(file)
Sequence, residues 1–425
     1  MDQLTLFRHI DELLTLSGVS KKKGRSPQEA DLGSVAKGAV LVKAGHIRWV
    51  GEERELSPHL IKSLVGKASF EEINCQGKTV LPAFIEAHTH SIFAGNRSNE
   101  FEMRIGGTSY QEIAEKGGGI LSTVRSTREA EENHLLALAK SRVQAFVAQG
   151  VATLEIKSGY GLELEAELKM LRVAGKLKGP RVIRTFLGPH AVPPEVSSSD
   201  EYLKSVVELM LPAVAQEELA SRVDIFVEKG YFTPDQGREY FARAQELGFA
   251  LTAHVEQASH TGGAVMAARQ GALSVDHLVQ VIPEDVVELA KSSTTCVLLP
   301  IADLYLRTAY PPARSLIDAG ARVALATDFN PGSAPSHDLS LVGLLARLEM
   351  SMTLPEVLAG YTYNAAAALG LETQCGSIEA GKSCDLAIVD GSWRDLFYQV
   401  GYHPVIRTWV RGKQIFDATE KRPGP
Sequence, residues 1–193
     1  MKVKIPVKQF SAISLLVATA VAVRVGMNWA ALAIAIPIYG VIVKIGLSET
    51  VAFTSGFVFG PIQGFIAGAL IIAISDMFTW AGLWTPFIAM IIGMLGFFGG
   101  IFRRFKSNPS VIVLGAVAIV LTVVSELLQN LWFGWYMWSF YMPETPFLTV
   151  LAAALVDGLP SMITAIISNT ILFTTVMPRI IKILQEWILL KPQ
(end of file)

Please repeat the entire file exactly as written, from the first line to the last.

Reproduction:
Sequence, residues 1–425
     1  MDQLTLFRHI DELLTLSGVS KKKGRSPQEA DLGSVAKGAV LVKAGHIRWV
    51  GEERELSPHL IKSLVGKASF EEINCQGKTV LPAFIEAHTH SIFAGNRSNE
   101  FEMRIGGTSY QEIAEKGGGI LSTVRSTREA EENHLLALAK SRVQAFVAQG
   151  VATLEIKSGY GLELEAELKM LRVAGKLKGP RVIRTFLGPH AVPPEVSSSD
   201  EYLKSVVELM LPAVAQEELA SRVDIFVEKG YFTPDQGREY FARAQELGFA
   251  LTAHVEQASH TGGAVMAARQ GALSVDHLVQ VIPEDVVELA KSSTTCVLLP
   301  IADLYLRTAY PPARSLIDAG ARVALATDFN PGSAPSHDLS LVGLLARLEM
   351  SMTLPEVLAG YTYNAAAALG LETQCGSIEA GKSCDLAIVD GSWRDLFYQV
   401  GYHPVIRTWV RGKQIFDATE KRPGP
Sequence, residues 1–193
     1  MKVKIPVKQF SAISLLVATA VAVRVGMNWA ALAIAIPIYG VIVKIGLSET
    51  VAFTSGFVFG PIQGFIAGAL IIAISDMFTW AGLWTPFIAM IIGMLGFFGG
   101  IFRRFKSNPS VIVLGAVAIV LTVVSELLQN LWFGWYMWSF YMPETPFLTV
   151  LAAALVDGLP SMITAIISNT ILFTTVMPRI IKILQEWILL KPQ